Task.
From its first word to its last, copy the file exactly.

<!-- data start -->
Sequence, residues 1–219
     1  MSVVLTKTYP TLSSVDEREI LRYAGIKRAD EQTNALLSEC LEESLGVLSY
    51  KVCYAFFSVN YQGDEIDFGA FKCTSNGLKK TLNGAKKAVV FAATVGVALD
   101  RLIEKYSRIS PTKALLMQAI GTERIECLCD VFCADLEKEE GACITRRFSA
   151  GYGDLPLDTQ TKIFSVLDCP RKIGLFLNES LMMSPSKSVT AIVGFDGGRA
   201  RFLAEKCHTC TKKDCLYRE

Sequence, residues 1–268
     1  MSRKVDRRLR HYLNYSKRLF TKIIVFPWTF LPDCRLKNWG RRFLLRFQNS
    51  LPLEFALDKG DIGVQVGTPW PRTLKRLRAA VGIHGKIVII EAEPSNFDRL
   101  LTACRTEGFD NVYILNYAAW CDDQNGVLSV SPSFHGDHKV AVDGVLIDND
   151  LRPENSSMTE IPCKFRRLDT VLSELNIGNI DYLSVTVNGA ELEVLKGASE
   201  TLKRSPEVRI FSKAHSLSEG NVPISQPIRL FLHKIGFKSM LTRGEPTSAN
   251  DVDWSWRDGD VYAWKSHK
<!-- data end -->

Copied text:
Sequence, residues 1–219
     1  MSVVLTKTYP TLSSVDEREI LRYAGIKRAD EQTNALLSEC LEESLGVLSY
    51  KVCYAFFSVN YQGDEIDFGA FKCTSNGLKK TLNGAKKAVV FAATVGVALD
   101  RLIEKYSRIS PTKALLMQAI GTERIECLCD VFCADLEKEE GACITRRFSA
   151  GYGDLPLDTQ TKIFSVLDCP RKIGLFLNES LMMSPSKSVT AIVGFDGGRA
   201  RFLAEKCHTC TKKDCLYRE

Sequence, residues 1–268
     1  MSRKVDRRLR HYLNYSKRLF TKIIVFPWTF LPDCRLKNWG RRFLLRFQNS
    51  LPLEFALDKG DIGVQVGTPW PRTLKRLRAA VGIHGKIVII EAEPSNFDRL
   101  LTACRTEGFD NVYILNYAAW CDDQNGVLSV SPSFHGDHKV AVDGVLIDND
   151  LRPENSSMTE IPCKFRRLDT VLSELNIGNI DYLSVTVNGA ELEVLKGASE
   201  TLKRSPEVRI FSKAHSLSEG NVPISQPIRL FLHKIGFKSM LTRGEPTSAN
   251  DVDWSWRDGD VYAWKSHK